The Arts

Can the Performing Arts Boost Student Outcomes in STEM Disciplines?

Can participation in the arts really bolster scientific learning? Can dance, in particular, spark STEM success? 

Can participation in the arts really bolster scientific learning? Can dance, in particular, spark STEM success?

A recent paper from North Carolina State University suggests this might just be the case.

The authors conducted interviews and focus groups with students who took part in on-campus dance companies as undergraduates. Fifteen of the 25 subjects were STEM majors, studying in field such as applied mathematics, engineering and chemistry.

"Our core question was what drives students to participate in the arts at an institution where there are no arts majors and there is an emphasis on STEM," lead author Fay Cobb Payton, a University Faculty Scholar and professor of information systems and technology, said in a prepared statement. "We wanted to know what benefits students get from engaging in the arts when they're majoring in other disciplines."

Their findings suggest that dance helped the science students to develop strengths in critical areas such as creativity and persistence, thus bolstering their classroom outcomes.

Participants in the study said that their dance companies fostered a sense of community, gave them an outlet for self-expression and introduced them to a more diverse group of people.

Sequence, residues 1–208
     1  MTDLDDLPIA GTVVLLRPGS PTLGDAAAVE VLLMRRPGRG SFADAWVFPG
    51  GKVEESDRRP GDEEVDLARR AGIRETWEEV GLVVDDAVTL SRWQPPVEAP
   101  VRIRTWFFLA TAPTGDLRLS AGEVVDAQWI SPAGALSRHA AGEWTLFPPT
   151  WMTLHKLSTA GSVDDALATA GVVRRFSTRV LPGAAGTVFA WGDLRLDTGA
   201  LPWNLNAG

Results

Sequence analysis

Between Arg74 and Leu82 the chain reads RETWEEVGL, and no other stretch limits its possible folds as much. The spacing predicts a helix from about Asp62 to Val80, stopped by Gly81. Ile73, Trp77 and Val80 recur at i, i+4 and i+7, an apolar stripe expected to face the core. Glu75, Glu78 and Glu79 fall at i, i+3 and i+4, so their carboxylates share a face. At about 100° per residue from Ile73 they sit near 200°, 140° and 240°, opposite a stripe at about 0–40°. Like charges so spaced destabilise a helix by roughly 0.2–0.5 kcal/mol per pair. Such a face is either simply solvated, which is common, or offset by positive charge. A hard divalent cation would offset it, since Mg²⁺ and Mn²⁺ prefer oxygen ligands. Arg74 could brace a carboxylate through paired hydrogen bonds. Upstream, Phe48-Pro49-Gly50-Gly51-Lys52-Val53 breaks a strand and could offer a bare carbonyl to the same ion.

Moreover, dance "made them more creative in the way they approached problem-solving in the laboratory or classroom," Payton said. "For example, the dancers said they were accustomed to working as part of a group, and felt this helped them incorporate multiple viewpoints when tackling academic challenges."

This was only a small pilot study, and the researchers have said they'd like to see larger studies with more quantitative outcomes. The goals would be to eventually develop best practices for incorporating more diverse fields of study, in order to use the arts to improve STEM outcomes.

About the Author

Based in Annapolis, MD, Adam Stone writes on education technology, government and military topics.

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